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NASA births cliff-hanging yo-yo bot

Gravity's a bitch

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NASA boffins said today they've built and tested a small and relatively simple robot that can rappel down cliffs, traverse steep terrain, and tarry about in inhospitable craters other rovers would fear to tread.

The robo prototype, called Axel, was developed by NASA's Jet Propulsion Lab and students at the California Institute of Technology. The engineers hope Axel's design can be used to aid future exploration of Mars — or even assist in Earthly search-and-rescue missions.

Image courtesy NASA/JPL

Axel rover — named for its single axel design and not the Guns N' Roses front man — was made with the goal of minimal complexity in mind. The rover is powered by only three actuators: two for its wheels and one for the multi-purpose trailing link.

The link works as a lever arm against wheel thrust, can adjust the pitch for Axel's twin cameras, or simply serve a backup actuator should one of the wheel actuators fail.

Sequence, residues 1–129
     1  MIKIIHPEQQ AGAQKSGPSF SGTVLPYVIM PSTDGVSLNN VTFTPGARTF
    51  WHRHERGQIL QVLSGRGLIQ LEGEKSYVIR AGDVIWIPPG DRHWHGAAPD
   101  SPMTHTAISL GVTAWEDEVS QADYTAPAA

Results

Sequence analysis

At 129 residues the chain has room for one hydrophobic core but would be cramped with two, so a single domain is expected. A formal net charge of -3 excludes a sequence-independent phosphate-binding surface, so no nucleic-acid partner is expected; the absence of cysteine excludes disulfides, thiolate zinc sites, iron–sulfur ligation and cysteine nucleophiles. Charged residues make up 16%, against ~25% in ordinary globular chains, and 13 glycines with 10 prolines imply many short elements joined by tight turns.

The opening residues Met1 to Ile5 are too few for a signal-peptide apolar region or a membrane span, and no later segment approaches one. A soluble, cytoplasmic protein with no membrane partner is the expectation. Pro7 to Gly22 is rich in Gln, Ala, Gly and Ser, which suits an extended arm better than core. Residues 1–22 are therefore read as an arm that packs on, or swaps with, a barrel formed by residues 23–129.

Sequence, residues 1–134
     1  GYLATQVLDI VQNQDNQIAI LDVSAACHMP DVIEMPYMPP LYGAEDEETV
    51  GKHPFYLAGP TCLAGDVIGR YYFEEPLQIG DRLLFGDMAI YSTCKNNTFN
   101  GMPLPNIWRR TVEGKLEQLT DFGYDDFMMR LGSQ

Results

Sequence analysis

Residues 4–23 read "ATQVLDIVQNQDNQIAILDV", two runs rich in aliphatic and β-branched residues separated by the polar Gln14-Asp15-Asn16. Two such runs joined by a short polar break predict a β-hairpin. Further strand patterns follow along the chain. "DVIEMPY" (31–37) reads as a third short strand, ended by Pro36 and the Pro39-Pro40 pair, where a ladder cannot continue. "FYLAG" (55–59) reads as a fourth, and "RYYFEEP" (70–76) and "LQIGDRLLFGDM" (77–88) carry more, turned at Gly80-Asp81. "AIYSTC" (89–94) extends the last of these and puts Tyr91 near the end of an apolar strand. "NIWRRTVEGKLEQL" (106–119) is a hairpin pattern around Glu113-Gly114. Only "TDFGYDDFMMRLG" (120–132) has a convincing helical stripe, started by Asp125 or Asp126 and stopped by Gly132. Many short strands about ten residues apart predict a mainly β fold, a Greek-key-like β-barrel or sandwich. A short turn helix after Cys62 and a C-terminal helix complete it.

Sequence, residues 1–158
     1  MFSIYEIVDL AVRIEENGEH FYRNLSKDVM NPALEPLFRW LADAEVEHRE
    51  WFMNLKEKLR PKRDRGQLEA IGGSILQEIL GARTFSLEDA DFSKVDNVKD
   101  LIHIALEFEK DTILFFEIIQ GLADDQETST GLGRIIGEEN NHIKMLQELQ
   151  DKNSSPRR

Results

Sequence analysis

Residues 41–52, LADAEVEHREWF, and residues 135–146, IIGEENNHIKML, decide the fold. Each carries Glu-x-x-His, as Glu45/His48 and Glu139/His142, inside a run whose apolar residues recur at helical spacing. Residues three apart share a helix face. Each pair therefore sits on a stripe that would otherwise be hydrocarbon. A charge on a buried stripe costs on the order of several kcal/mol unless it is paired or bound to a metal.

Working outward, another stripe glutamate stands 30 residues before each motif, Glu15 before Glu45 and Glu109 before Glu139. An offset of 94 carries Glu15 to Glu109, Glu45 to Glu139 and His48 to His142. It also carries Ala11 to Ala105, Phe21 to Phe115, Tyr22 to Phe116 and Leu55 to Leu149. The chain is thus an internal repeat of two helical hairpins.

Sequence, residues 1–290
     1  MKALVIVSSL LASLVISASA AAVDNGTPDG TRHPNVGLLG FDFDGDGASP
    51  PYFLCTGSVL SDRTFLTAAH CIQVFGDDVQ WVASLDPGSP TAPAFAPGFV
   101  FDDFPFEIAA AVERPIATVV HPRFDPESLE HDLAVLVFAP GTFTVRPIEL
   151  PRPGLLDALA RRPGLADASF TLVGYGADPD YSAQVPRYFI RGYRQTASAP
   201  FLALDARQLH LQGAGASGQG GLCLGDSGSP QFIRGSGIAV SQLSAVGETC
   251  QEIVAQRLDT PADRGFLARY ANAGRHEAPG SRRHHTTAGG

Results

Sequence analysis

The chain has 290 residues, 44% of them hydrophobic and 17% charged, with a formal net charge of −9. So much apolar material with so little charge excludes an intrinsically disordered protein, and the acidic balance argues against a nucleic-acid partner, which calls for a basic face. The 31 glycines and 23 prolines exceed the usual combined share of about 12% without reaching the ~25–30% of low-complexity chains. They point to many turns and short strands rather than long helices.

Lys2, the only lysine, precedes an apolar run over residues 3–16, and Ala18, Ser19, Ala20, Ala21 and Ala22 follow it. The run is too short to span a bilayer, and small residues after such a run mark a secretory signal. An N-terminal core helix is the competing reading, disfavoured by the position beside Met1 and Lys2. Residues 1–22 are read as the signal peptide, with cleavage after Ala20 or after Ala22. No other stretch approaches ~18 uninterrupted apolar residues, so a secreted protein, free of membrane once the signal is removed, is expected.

Axel can also work like a yo-yo, reeling out a tether that could be attached to a larger lander and pulling it back in to explore the universe's many patches of horizontally-challenged ground.

Axel concept tethered to a rover. NASA/JPL

"Axel extends our ability to explore terrains that we haven't been able to explore in the past, such as deep craters with vertically-sloped promontories," said Axel principal investigator, Issa Nesnas of JPL. "Also, because Axel is relatively low-mass, a mission may carry a number of Axel rovers. That would give us the opportunity to be more aggressive with the terrain we would explore, while keeping the overall risk manageable."

The rover can also sport several types of wheels designed to suit the territory being explored, from large fold-able metal wheels to inflatable wheels. (Sadly, no wheels with rims that keep spinning every time you stop.)

Fitted into Axel's compact cylindrical body are computational and communication modules and an inertial sensor for navigation without a human steering and obstacle avoidance.

JPL began its work on Axel in 1999, in a partnership with Purdue University Indiana and Arkansas University.

You can watch a nifty video of Axel in action here. ®

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